Great Plains clergy raise voices in immigration rallies

2/1/2017

The Rev. Chris Jorgensen and her daughter take part in a rally in support of refugees in Omaha. Photo courtesy Chris Jorgensen

For the Rev. Chris Jorgensen, it was almost a reflex action for her to make her voice known at a weekend rally in Omaha, denouncing President Donald Trump’s new immigration policy.

“Christianity needs to come out of this moment in time with its integrity intact, frankly,” said Jorgensen, associate pastor of the Urban Abbey coffee shop and ministry in Omaha. She also serves as the campus minister for students at the University of Nebraska-Omaha and Creighton University.

Wearing her clerical collar and carrying a sign that said “Who would Jesus deport?,” Jorgensen was among approximately 1,800 people who attended a Jan. 29 rally in Omaha’s Turner Park. Her 12-year-old daughter carried a sign that read “Love your Muslim neighbor” on one side and “Immigrants are welcome” on the other, alongside a dozen Bible verses about how Christians should treat strangers and those from other lands.

“It’s fundamental to our Christian witness that we articulate the hospitality of Christianity, and the requirements of Scripture that say we have to welcome the stranger and welcome the immigrant,” Jorgensen said.

Omaha’s “Stop the Ban Rally” was in response to Trump’s executive order restricting travelers from seven countries: Iran, Iraq, Libya, Somalia, Sudan, Syria and Yemen.

Jorgensen said she believes the president’s orders fly in the face of biblical philosophy.

“You can’t say ‘Love your neighbors’ and follow it by cutting out a section of people and saying, ‘Oh, except them,’” she said.

Several rallies took place in the Great Plains over the weekend.

The Rev. Stephen Griffith, a retired United Methodist pastor, attended and spoke at the Rally & Candlelight Vigil in Solidarity on Sunday, Jan. 29, at the Nebraska Capitol in Lincoln.

“It’s important for me to be able to stand up as a minister and say, ‘Folks, we all share a commitment to humanity,’” Griffith said. “I hear some of our local and national leaders talking about how important it is to be Christian, and yet they take actions I think are against the teaching of Christ. Specifically, they act in ways that are harmful and frightening to immigrants and refugees."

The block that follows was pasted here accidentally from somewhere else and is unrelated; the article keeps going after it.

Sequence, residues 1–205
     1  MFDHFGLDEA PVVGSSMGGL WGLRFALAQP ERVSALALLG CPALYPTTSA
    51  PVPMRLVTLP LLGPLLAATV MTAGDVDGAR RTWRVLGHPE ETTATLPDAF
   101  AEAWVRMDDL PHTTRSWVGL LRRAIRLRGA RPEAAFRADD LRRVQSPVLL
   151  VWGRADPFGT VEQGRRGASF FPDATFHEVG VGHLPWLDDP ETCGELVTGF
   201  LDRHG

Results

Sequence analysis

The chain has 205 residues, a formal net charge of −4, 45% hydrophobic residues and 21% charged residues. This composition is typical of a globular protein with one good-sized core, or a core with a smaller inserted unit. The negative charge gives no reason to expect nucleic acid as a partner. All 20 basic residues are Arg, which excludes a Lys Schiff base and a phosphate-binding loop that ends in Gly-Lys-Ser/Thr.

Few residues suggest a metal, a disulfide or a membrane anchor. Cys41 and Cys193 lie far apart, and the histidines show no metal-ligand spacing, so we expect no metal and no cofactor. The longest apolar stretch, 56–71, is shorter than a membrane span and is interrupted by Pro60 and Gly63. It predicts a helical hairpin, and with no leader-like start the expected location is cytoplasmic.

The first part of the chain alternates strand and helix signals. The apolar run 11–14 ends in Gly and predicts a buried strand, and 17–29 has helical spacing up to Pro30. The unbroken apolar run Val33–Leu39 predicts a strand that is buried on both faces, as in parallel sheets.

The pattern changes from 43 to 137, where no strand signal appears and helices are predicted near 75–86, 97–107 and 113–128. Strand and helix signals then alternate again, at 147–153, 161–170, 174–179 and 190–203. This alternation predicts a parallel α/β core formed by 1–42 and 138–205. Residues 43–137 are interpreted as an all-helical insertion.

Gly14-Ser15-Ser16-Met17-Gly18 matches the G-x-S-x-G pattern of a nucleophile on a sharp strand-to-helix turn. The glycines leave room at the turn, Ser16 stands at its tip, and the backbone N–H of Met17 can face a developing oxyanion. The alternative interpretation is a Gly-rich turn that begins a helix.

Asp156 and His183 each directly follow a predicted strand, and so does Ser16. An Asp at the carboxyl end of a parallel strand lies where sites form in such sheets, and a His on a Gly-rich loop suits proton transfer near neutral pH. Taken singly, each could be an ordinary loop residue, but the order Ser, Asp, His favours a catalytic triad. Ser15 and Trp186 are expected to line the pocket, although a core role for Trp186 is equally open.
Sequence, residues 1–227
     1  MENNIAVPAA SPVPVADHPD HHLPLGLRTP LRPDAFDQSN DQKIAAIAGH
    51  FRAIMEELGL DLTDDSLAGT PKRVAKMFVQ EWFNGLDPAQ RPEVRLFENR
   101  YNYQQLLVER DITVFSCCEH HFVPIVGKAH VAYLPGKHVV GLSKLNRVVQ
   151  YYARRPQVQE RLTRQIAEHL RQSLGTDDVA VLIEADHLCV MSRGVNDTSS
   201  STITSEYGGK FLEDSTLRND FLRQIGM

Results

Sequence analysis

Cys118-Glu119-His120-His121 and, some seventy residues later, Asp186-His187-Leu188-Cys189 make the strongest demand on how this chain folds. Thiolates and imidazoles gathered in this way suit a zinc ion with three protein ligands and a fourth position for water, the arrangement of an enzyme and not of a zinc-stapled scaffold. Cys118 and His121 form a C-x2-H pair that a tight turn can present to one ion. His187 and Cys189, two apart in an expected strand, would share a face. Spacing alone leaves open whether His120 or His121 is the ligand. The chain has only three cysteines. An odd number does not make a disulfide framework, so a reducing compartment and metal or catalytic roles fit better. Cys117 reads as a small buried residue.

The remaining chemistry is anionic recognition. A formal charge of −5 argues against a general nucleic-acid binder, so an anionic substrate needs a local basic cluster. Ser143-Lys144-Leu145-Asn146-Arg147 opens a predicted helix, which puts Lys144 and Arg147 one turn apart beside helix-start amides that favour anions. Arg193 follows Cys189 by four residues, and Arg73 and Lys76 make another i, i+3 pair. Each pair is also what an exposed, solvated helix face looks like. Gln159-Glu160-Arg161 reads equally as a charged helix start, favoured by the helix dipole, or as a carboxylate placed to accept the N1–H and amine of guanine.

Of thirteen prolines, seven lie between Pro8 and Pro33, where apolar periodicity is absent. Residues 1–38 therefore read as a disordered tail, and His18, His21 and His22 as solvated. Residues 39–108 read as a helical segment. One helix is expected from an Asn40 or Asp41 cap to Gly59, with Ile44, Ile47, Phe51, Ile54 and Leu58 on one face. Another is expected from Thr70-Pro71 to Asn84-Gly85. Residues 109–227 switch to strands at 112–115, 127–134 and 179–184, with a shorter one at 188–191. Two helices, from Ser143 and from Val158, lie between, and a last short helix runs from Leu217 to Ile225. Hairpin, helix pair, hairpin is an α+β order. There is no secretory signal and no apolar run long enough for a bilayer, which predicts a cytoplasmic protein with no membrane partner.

About 300 people attended the rally at the capitol.

Griffith has been working with a number of nondenominational groups seeking social justice for immigrants and refugees.

“I think it’s important that we all stand together, regardless of our faith, and be one people together, united as a nation,” he said.

The Rev. Kalaba Chali, mercy and justice coordinator for the Great Plains Conference, was also in attendance at the Omaha rally. Chali said the gathering was peaceful.

“This was more of showing support for our Biblical call to welcome the refugees and foreigners rather than protesting the president,” he said.

Chali said that showing up at rallies is one of several ways that the clergy and laity in the Great Plains can make their voices known for social issues.

“There’s a better way to increase security, and there’s a better way to vet people,” he said. “As Christians, we cannot forget that in everything we do, we must be passionate.”

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Contact David Burke, communications coordinator, at dburke@greatplainsumc.org.


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